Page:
Manic performances part of Les Savy Fav's mission of fun

January 30, 2009


When Brooklyn art-punks Les Savy Fav appeared at the first Intonation Music Festival in 2005, the crowd nearly surged out of control, thanks as much to the amphetamine overdrive of the music as to the wild antics of vocalist Tim Harrington, who spent much of the show naked and running through the crowd.

It seemed like a hard act to top, but the group didn't disappoint when it returned to the rechristened Pitchfork Music Festival last summer. This time, Harrington rolled in the mud and hopped inside a garbage barrel that fans hoisted up and passed through the crowd. For the climax, he donned a flesh-colored body suit with his internal organs drawn on it and led the crowd in a chant of "This is my body/This is what it does/I try to make it better/But I know it's gonna bust."

All of this was more effective for the fact that Harrington is a pudgy, bald, bearded and otherwise delightfully mild-mannered fellow who looks more like a mathematics professor than a punk-rock frontman. In fact, he holds two day jobs, one as a graphic artist for VH1 and the other as co-founder with his wife of the way-cooler-than-Ikea home-design company Deadly Squire.

"No one ever thinks about all my day jobs," Harrington says with a gentle chuckle. "If I wasn't able to cut loose onstage, I'd be cutting loose everywhere else, and it would be a complete disaster. People are always like, 'Don't you go crazy all the time?' But I don't need to go crazy all the time; I don't have to, like, yell real loud at dinner parties, because I have this other place to yell."

Les Savy Fav first came together in the mid-'90s, when Harrington was attending the prestigious Rhode Island School of Design along with the band's other key members, bassist Syd Butler, who owns the independent French Kiss record label, and guitarist Seth Jabour, a successful illustrator. (The current group is completed by drummer Harrison Haynes and second guitarist Andrew Reuland.)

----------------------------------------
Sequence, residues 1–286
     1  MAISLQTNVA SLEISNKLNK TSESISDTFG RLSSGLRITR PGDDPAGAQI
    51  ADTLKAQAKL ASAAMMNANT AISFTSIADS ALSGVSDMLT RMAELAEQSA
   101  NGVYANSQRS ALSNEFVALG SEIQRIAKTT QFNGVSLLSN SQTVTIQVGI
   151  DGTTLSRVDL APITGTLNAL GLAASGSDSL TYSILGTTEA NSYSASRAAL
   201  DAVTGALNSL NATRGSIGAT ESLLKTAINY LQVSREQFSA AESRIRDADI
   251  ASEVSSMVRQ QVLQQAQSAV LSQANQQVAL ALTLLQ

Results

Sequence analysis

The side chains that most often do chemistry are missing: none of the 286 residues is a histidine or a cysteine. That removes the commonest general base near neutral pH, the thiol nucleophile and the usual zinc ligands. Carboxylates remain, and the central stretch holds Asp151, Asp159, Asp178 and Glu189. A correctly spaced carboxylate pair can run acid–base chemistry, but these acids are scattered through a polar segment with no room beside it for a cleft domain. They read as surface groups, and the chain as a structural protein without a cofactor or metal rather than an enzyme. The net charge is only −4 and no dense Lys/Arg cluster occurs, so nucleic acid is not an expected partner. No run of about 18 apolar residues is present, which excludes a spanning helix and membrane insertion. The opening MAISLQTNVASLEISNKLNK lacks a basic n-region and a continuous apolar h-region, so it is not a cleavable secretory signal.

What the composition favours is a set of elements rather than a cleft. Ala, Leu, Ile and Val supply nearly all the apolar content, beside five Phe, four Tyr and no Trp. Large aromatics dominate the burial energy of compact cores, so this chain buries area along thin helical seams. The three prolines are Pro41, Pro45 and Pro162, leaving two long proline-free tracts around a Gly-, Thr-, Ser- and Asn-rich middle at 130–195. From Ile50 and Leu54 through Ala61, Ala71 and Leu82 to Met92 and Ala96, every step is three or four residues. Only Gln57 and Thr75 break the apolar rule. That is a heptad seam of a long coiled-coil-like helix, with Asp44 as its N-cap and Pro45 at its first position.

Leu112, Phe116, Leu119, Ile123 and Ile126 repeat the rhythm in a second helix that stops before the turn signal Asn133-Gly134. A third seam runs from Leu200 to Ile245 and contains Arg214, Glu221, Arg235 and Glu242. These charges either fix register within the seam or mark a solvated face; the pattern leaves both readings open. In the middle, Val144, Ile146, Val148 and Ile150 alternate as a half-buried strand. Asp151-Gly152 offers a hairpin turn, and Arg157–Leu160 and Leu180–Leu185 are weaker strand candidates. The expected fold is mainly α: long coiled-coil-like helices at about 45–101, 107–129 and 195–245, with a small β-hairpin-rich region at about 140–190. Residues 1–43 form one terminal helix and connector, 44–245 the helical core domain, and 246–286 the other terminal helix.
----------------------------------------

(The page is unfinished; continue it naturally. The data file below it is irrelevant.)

"I'm pretty bad musically -- our guitar player is the musical genius of the band -- and I think I got picked to be in the group because I had been in this other short-lived little band in Providence," Harrington recalls. "I wasn't bald yet, but I had shaved my head bald like the balding that I have now, and I was ... a little bit crazy.

"I was always into doing that kind of performance. I really liked Jello Biafra of the Dead Kennedys, and there was something about that hard-core era of bands that I used to see on VHS tapes where it was just gonzo performance. It was neither cool nor aggressive; it was just kind of strange. And obviously I love David Yow [of Chicago's Jesus Lizard]; his stage presence has this kind of scariness to it, and a testosterone level. I always really liked intense performance like that, but never felt that I could pull off that kind of intimidating manliness."

There's no denying that Harrington does something just as impressive, though in the end, beyond the spontaneous insanity of the group's shows, the most impressive thing about Les Savy Fav may be the way it operates. After early releases such as "The Cat and the Cobra" (1999) and "Go Forth" (2001) generated considerable underground buzz on the national music scene, resulting in offers for ever more lucrative gigs and longer tours, the group pulled back and took what essentially was a five-year hiatus.

"The members of the band have always had the same vision for what we expected from the band, in terms of professionally and what we want the band to be about ... and that's that the band is a pleasure and something we do because we really love doing it."

The group was determined not to let the band become a job -- the official motto on its Web site is "Missing out on cashing in for more than a decade" -- and since its return to the scene with "Let's Stay Friends" (2007), it basically has chosen gigs based on how much fun they're likely to be.

"You know, if you go to the same place three times a year, even if we stay psyched, the audience can be like, 'Yeah, we know what to expect, and you'll be back,'" Harrington says. "For a band like us, where the live atmosphere is so important, to stop having it be so regular just makes the live shows much more fun."

And, needless to say, just about anything can happen.